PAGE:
The Thyroid Nodule
A short summary on the common thyroid nodule risk factors and diagnostic evaluation.
Definition of Thyroid Nodule
Thyroid nodules are soft tissues lesions found within the thyroid gland. They are quite common, and can be found in both adult and pediatric patients.
Approximately 95% of thyroid nodules are benign. The risk of malignant disease increases in young populations (< 20) and older populations (women > 40 and men > 50). The vast majority of malignant thyroid nodules are papillary thyroid carcinoma. Thyroid nodules can also be present in the context of inflammatory diseases of the thyroid, such as Hashimoto's thyroiditis and Grave's disease.
Signs and Symptoms
Increased risk of carcinoma if:
Nodule if firm or fixed
Nodule is > 2 cm
Nodule is solid
Palpable cervical lymph nodes in setting of thyroid nodule
Nodules > 1 cm are typically palpable, depending on anatomy, and require full work-up. Nodules < 1 cm that are found incidentally on imaging require annual monitoring with ultrasound rather than diagnostic work-up.
TSH testing should be performed in all patients found to have thyroid nodules. Those with hyperthyroidism and nodules should undergo Tc99 radionuclide scanning to determine metabolic activity of nodules. Patients with metabolically "cold" nodules have a higher risk of malignancy.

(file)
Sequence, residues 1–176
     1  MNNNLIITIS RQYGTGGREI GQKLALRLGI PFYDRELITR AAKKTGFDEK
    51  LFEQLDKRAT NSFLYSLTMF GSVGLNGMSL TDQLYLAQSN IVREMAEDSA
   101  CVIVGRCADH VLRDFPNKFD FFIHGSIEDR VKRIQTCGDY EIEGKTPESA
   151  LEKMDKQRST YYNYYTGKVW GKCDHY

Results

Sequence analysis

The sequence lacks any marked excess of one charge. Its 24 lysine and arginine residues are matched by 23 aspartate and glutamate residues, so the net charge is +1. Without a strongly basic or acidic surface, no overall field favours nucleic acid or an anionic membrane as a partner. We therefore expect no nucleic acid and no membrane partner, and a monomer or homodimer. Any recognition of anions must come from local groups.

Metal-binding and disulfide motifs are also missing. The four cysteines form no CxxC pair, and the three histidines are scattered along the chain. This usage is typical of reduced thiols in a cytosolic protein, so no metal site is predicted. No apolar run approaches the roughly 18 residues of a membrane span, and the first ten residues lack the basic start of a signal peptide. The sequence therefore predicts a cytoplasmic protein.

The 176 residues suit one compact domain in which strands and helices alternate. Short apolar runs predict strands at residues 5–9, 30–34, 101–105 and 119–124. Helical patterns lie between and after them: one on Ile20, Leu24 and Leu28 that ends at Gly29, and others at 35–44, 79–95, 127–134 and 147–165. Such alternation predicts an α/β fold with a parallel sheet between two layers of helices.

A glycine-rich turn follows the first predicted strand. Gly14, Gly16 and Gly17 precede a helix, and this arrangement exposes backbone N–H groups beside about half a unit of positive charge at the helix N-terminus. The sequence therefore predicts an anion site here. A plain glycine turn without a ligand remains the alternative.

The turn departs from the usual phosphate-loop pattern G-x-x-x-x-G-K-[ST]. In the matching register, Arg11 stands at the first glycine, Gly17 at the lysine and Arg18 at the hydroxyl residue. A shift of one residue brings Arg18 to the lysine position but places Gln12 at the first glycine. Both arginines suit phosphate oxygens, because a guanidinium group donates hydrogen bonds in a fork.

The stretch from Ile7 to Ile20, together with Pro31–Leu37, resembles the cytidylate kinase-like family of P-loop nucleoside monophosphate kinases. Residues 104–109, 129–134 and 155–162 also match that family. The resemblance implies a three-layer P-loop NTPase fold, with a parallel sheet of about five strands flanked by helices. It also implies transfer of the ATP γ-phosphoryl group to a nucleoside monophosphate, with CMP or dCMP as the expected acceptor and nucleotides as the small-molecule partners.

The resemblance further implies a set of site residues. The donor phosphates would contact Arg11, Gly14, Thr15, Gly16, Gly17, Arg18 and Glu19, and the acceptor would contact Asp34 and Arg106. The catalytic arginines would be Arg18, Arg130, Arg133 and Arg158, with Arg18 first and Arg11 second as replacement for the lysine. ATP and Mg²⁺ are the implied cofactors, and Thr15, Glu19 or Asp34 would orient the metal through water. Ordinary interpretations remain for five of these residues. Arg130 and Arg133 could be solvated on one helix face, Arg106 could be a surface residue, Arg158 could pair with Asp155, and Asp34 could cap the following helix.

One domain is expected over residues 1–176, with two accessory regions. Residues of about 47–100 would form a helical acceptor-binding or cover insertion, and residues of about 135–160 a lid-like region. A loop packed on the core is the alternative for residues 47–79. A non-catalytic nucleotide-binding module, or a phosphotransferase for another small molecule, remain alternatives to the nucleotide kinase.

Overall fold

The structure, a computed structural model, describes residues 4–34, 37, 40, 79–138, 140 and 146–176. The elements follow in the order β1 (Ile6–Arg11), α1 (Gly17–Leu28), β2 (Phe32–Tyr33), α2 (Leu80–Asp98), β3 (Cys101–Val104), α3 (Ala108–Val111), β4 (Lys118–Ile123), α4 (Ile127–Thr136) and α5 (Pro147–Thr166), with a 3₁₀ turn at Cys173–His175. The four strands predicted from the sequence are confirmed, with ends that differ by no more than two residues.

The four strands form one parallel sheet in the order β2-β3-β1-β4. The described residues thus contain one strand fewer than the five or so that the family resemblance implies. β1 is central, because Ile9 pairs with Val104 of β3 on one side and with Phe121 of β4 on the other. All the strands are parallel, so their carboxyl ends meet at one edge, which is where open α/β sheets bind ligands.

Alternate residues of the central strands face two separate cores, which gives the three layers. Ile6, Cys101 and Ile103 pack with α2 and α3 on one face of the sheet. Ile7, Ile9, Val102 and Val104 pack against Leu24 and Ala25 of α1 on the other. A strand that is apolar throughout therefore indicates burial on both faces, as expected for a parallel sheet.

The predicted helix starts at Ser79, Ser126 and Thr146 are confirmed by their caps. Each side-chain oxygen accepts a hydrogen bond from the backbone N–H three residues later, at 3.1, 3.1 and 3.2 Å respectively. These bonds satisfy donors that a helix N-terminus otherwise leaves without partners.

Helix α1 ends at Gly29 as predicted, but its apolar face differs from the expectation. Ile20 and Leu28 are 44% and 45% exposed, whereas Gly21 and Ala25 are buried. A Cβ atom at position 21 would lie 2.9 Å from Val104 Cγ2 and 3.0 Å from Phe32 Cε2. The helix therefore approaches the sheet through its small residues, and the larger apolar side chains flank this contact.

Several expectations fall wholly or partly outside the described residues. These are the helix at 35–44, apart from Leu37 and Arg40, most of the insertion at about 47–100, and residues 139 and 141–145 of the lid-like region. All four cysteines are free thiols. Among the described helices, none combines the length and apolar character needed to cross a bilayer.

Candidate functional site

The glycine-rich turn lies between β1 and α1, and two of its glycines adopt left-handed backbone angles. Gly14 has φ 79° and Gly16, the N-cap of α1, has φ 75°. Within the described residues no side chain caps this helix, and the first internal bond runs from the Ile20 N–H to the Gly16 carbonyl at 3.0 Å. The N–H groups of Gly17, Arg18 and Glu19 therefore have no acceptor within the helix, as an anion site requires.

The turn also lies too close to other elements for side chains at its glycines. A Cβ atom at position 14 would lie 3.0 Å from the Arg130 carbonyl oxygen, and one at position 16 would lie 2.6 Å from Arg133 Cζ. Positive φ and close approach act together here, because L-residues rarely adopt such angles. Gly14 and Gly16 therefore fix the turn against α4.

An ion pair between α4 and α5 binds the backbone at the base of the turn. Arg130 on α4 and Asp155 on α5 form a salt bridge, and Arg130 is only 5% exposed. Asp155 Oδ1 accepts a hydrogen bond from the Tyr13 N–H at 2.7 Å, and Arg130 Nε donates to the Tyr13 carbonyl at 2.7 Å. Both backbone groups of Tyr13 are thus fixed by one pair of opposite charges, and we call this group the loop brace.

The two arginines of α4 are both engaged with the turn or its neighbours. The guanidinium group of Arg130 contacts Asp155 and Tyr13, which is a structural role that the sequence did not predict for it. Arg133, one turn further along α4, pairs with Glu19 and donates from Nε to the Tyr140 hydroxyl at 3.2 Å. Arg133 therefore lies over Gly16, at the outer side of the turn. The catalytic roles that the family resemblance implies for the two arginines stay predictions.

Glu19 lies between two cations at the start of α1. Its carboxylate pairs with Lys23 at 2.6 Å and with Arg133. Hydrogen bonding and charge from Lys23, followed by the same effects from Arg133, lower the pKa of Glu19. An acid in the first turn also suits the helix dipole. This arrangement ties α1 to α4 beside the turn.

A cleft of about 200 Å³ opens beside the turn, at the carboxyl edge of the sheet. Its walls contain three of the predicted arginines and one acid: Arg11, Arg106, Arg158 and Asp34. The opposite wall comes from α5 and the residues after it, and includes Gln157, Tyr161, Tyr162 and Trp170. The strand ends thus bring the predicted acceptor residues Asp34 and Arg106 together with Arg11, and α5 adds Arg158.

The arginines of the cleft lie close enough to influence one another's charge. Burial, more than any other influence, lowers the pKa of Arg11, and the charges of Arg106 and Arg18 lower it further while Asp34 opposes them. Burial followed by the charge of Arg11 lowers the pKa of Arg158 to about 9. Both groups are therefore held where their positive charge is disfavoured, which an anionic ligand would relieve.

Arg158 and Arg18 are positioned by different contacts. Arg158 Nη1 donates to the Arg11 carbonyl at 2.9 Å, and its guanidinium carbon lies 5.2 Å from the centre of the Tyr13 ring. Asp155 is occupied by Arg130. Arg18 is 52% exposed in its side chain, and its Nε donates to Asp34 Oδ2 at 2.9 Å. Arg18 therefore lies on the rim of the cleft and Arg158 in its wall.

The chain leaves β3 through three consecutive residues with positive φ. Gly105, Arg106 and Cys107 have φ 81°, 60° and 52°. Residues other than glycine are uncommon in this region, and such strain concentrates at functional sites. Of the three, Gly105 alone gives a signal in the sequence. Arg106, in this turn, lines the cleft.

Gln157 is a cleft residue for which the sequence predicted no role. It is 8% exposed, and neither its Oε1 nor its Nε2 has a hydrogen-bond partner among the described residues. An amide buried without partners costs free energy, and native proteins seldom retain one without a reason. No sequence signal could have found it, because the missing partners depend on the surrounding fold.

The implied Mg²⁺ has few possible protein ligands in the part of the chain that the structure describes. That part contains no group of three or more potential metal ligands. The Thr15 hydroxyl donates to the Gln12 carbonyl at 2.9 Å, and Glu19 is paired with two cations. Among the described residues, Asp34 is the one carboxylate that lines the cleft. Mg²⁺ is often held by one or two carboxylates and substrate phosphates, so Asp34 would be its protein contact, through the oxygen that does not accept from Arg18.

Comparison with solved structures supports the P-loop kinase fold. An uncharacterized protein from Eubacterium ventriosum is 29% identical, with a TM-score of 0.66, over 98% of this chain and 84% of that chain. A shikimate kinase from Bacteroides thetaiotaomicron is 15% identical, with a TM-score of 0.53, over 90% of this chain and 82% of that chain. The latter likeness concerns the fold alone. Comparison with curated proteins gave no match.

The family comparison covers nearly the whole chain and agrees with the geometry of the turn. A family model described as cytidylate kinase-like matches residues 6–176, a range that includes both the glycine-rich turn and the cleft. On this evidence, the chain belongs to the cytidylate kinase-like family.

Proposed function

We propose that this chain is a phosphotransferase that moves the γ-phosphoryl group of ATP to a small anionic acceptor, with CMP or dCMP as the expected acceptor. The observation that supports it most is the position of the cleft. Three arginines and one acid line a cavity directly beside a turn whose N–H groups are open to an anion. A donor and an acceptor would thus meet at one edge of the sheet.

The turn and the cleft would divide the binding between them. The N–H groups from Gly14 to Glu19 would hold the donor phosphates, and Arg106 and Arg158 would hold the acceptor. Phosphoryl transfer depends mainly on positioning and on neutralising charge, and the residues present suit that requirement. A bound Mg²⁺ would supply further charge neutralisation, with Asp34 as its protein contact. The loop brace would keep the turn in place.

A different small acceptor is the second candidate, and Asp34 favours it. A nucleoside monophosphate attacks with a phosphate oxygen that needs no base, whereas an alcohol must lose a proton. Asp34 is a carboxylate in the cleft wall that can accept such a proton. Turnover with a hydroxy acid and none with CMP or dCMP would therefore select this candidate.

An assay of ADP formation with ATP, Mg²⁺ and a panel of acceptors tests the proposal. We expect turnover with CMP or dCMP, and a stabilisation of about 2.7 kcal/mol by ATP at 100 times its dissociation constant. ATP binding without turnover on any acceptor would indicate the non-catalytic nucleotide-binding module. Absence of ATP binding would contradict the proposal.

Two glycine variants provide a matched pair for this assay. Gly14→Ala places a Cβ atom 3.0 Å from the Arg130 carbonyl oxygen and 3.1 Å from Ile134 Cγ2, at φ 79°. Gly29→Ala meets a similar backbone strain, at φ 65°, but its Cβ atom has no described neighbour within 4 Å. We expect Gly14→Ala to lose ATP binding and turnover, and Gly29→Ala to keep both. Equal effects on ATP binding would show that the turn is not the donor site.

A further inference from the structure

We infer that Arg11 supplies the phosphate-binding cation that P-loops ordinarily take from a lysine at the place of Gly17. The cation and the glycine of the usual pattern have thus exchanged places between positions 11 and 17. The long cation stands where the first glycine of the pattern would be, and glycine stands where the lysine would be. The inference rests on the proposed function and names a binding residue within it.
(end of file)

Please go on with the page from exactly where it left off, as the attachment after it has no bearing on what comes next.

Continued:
Inquire about family history of thyroid cancer
Inquire about personal history of radiation to the head and neck
Assess for hoarseness or voice changes, difficulty breathing, noisy breathing, or difficulty swallowing. If nodules are > 1cm, referral to otolaryngologist for further evaluation. Patients will require full laryngeal evaluation, ultrasound, and possible fine needle aspiration.
Pearls To Know
Thyroid nodules carry a 20-50% chance of malignancy in patients less than 20 years of age.
Nodules are more common in men over 50 and women over 40 years of age.
Family history of thyroid carcinoma and previous head and neck radiation exposure increases the risk of malignancy for thyroid nodules.
TSH is the initial diagnostic study in the work-up of all thyroid nodules > 1cm in size.
Fine Needle Aspiration (FNA) is the gold standard for diagnosis. It is 99% effective in detecting papillary thyroid carcinoma, has <1% false positive rate, and a 1-6% false negative rate. It has decreased the need for thyroid surgery by 35-75% in patients with thyroid nodules. Most otolaryngologists will perform this under ultrasound guidance or refer patients to an interventional radiologist for harder to reach lesions.
After FNA, the Bethesda Criteria are used by cytopathologists to determine the risk of malignancy for a nodule in question.
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Lai SY, Mandel SJ, Weber RS. Management of Thyroid Neoplasms. In: Flint PW, Haughey BH, Lund V, Niparko JK, Robbins KT, Thomas R, Lesperance MM. Cummings Otolaryngology. 6th ed. Philadelphia, PA: Saunders; 2015.